Arvon said that over the past three years, the county school system has received $1.5 million less than it should have gotten from the West Virginia Board of Education.
He said the state allocated about $2 million to counties for increased enrollment, but the funding formula doesn't take into account several factors.
"Some of these counties, in order to build enrollment, have started preschool, nonmandated programs," Arvon said.
Some counties with declining enrollments receive extra funding because of such programs.
Berkeley and Jefferson counties are the only counties in West Virginia that do not have full-day kindergarten programs.
"It's bigger than a funding issue. It's a facilities issue," Arvon said.
While the budget supplement will help with the hiring of additional teachers, it doesn't deal with where to put them or the extra students.
"The hidden cost in all of that is, not only does it cost you more for teachers, but for all the support services," he said. Those include additional bus drivers, food service personnel, textbooks and buildings.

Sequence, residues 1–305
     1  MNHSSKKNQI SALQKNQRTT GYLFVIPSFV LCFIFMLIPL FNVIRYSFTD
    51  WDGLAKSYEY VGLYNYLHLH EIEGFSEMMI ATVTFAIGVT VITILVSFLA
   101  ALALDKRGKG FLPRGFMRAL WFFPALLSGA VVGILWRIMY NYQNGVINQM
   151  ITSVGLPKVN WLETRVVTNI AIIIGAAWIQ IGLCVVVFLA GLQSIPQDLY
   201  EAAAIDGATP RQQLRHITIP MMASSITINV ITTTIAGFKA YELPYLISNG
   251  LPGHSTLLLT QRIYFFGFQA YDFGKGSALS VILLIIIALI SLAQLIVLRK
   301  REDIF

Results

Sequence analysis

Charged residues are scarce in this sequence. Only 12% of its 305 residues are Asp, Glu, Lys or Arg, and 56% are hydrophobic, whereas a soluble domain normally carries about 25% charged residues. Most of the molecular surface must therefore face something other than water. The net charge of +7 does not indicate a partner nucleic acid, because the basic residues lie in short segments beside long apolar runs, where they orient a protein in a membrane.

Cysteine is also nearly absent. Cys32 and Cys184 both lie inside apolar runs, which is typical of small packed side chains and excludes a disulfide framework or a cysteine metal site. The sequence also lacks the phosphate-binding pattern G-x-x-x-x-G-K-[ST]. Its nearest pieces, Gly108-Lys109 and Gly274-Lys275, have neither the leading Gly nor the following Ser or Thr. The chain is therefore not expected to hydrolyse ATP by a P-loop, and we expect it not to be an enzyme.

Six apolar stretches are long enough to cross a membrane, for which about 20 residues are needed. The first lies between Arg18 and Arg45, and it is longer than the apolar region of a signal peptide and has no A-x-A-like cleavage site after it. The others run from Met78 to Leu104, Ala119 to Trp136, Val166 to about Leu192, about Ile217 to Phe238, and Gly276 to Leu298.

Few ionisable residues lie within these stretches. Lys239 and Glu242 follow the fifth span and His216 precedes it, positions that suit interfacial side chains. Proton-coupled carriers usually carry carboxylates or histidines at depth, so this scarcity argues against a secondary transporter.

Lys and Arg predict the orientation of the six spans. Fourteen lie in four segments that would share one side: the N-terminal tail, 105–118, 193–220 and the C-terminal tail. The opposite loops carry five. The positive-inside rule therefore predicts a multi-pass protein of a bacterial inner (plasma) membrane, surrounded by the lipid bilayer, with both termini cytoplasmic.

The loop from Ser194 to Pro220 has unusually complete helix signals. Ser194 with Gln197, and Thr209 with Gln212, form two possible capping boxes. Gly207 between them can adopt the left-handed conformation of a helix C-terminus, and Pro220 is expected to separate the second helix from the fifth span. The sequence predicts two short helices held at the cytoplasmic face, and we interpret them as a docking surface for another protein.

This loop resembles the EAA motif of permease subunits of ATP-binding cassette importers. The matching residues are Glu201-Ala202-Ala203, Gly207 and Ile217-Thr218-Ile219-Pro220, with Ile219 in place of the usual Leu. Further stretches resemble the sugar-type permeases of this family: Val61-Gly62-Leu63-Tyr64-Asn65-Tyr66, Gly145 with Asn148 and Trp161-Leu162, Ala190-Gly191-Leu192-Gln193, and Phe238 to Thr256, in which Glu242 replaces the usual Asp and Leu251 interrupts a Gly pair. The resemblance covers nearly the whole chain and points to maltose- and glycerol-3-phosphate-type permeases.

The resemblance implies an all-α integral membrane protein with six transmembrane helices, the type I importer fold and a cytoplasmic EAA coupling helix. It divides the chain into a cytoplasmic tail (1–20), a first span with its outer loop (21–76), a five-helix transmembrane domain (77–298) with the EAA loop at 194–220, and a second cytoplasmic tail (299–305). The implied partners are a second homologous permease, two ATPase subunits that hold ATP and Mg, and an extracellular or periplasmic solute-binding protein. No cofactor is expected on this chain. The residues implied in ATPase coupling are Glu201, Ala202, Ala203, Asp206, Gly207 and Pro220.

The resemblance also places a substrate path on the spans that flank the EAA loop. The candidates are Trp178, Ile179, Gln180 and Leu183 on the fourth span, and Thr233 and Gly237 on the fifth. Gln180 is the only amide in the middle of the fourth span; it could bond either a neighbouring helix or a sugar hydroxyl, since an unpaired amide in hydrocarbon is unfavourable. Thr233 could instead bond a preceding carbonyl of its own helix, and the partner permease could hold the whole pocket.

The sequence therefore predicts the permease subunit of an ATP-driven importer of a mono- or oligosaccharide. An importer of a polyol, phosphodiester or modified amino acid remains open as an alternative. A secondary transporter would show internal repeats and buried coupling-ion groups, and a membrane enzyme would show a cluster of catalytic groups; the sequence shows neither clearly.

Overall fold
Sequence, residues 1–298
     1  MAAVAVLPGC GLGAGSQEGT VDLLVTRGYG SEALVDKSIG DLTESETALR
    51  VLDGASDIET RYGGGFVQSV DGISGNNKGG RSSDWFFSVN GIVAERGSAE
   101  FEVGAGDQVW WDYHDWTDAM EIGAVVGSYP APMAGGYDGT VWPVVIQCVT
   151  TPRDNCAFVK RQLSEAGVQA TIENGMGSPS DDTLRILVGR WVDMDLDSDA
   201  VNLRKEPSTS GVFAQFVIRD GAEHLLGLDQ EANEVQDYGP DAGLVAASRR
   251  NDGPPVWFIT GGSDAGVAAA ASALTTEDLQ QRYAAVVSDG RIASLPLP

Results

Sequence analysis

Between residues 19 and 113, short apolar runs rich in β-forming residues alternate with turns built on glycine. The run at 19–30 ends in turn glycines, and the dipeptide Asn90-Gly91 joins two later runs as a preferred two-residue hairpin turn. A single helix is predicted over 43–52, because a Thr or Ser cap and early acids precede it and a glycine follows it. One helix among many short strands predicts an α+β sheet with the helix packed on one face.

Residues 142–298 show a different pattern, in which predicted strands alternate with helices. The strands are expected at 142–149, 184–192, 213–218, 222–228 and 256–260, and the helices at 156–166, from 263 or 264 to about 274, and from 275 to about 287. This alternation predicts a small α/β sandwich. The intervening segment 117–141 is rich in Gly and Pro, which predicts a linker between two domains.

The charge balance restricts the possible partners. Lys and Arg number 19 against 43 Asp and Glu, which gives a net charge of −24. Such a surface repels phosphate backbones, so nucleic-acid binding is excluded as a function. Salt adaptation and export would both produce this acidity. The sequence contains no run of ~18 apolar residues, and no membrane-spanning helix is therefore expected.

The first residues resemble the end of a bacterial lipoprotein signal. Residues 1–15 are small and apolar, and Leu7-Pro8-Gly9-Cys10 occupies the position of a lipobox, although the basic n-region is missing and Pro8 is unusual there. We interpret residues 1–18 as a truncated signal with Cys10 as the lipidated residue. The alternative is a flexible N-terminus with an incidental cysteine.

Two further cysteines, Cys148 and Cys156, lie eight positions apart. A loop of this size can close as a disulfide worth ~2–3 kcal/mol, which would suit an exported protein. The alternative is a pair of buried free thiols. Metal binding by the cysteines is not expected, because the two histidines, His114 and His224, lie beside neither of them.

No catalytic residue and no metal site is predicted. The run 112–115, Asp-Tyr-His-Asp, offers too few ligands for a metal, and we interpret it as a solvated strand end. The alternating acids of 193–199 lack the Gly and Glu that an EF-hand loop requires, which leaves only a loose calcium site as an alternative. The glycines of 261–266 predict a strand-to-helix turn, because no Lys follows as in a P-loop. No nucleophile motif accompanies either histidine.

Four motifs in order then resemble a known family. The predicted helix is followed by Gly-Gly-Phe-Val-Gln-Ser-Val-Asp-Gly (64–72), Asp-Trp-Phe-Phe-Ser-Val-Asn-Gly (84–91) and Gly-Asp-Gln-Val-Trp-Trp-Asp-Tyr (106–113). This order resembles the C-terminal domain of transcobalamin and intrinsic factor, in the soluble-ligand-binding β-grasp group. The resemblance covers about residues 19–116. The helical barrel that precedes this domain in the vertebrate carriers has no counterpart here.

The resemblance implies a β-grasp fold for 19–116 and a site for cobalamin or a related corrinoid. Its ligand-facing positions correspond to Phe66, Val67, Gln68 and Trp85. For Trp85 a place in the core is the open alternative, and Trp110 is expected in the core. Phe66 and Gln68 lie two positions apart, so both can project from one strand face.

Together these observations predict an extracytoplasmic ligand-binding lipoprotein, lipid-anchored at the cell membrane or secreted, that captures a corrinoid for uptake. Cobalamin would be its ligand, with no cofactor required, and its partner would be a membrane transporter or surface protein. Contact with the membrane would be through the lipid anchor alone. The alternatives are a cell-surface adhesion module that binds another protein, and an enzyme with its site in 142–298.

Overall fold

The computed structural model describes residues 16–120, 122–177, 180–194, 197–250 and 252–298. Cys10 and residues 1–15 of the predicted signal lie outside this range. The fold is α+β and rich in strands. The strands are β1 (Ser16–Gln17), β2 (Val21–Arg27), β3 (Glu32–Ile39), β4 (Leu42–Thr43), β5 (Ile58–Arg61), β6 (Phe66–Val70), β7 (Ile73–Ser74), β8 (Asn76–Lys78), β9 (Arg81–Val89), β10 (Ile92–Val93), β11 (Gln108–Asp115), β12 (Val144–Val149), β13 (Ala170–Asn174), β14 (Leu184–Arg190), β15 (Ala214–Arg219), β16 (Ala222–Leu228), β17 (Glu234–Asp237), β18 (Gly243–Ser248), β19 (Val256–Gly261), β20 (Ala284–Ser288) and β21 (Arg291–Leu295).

The county is in the midst of a building program that includes a new Musselman High School and Potomack Intermediate School and conversion of the old Musselman High into a middle school.
School board Presi-dent Bill Sonnik said recently that the system is growing fast enough to fill a large elementary school every two years.
Enrollment in the current school year, for example, is up by more than 300 students from 1996-97.
Arvon was encouraged that the report from the governor's Commission on Educational Quality and Equity recommends the state legislature address the need for additional funding for increased enrollment.
He said the Commission is also recommending that all-day kindergarten be opened in every county and that the issue of facilities be addressed.